We all feel shock and outrage whenever we hear of child sexual exploitation by a teacher, coach or religious instructor, but stories of a child being sexually abused by a parent, step-parent, or someone living in the same home as the child rarely receives even a blip on the local news.

Why is it so easy for us to ignore these lost children? 

Maybe because it’s easier for us to ignore the root problem than to work on a solution. To begin with, we need to work to change the court system when it comes to dealing with those convicted of child sexual abuse. When someone is convicted in court, most judges allow the perpetrators to plead guilty to a lesser charge and sentence them to probation and require them to register as a sex offender—which does nothing to protect vulnerable children.

Many still believe that the Sex Offender Registry prevents pedophiles from living near them in their in their community. This is a misconception. Nebraska is one of 22 states that don’t place any restrictions on child sex offenders. None! This means that a convicted child sex offender can visit and/or work in schools, daycares, children museums, and even live with or socialize with vulnerable children. The SOR law can only mandate that the offender register his or her required information at the sheriff’s office within the required time. (Nebraska statutes 29-4004 and 29-4006) Some judges even allow the perpetrators to have contact with their victim!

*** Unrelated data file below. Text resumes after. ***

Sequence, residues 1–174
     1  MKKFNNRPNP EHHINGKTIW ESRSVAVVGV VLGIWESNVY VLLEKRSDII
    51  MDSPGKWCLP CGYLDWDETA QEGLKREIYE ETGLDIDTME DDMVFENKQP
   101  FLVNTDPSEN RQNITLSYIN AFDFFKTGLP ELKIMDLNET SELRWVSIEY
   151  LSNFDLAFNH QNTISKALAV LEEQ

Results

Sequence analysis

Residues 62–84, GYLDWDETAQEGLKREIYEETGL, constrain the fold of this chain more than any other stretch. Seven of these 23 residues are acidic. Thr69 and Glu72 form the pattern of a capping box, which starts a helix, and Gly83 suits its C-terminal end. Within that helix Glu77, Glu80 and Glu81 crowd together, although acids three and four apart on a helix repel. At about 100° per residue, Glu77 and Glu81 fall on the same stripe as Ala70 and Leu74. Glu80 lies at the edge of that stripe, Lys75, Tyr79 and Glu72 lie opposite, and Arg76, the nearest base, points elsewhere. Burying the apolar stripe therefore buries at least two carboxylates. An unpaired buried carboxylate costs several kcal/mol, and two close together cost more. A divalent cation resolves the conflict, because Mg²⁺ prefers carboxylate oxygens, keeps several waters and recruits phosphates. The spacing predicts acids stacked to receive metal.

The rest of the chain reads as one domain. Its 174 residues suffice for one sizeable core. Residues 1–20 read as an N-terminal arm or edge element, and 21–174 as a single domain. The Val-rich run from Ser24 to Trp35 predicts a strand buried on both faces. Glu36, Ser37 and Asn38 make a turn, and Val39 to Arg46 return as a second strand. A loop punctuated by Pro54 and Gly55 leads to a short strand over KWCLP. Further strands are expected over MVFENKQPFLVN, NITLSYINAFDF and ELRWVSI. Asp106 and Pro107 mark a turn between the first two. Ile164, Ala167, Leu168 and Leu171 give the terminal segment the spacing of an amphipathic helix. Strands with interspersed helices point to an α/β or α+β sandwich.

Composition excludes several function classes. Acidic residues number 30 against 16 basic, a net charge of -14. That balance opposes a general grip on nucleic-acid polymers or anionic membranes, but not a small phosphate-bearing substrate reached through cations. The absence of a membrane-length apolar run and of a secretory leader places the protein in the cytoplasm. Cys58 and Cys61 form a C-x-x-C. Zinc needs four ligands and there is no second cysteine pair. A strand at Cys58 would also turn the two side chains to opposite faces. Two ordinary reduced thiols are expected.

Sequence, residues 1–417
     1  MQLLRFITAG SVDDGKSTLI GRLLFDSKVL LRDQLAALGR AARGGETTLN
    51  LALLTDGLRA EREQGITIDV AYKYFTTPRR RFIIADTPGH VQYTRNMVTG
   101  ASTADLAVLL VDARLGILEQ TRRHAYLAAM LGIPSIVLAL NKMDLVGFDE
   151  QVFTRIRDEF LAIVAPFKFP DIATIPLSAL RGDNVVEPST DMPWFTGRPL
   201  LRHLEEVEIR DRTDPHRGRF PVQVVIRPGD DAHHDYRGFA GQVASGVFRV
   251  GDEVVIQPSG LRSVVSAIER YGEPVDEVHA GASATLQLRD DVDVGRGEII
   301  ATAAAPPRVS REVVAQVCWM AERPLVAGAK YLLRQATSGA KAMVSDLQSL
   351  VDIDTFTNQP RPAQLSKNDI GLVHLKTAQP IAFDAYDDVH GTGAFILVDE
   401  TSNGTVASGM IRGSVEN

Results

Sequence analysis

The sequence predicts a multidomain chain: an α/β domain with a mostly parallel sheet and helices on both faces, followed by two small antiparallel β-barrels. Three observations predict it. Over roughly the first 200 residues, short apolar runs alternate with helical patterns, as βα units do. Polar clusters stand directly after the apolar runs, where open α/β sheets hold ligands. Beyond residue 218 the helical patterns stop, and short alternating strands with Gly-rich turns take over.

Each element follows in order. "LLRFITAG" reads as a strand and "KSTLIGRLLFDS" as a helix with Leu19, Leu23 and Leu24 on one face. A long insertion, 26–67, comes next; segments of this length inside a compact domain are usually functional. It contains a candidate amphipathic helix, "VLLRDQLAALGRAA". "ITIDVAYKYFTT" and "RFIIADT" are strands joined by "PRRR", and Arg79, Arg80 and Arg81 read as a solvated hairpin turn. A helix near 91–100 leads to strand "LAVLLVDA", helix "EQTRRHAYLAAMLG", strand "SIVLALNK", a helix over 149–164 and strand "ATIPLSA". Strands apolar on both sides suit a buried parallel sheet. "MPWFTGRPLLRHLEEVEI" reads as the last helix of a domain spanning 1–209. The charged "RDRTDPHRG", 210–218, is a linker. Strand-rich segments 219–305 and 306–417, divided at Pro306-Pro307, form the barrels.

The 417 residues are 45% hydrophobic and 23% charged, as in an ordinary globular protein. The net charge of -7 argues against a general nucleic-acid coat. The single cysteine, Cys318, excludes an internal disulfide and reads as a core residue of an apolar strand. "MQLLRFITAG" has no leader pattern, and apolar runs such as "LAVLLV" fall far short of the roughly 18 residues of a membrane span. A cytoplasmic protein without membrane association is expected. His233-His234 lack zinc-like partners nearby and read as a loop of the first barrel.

Prosecutors will tell the victim that it will be emotionally easier for them if they allow a plea deal. But what they don’t tell them is that when a case of child sexual abuse is brought before the court, the perpetrator is charged with crimes against the State, not against the victim. Then, the only option for the victim to get justice for what’s been done to them is to take it to civil court. How many 6 to 9 year old victims do you think have the knowledge and financial means to take their abuser to civil court? 

Another thing we can do is petition out legislators to change the Sex Offender Registry laws in our state to better protect our children. I have written to many state senators asking them to change the SOR law. The very few that responded told me that there was nothing they could do. It’s easy for politicians to ignore one or two people, but it’s much harder for them to ignore hundreds of people demanding the same thing.

Lastly, we can encourage survivors of child sexual abuse to speak out. Arrange for schools to allow them to tell their story and contact local news outlets and ask them to cover the event. It is a proven fact that other victims will open up when they know someone else has experienced the same thing. Child sexual abuse needs to be talked about. Remaining silent will only keep this epidemic hidden.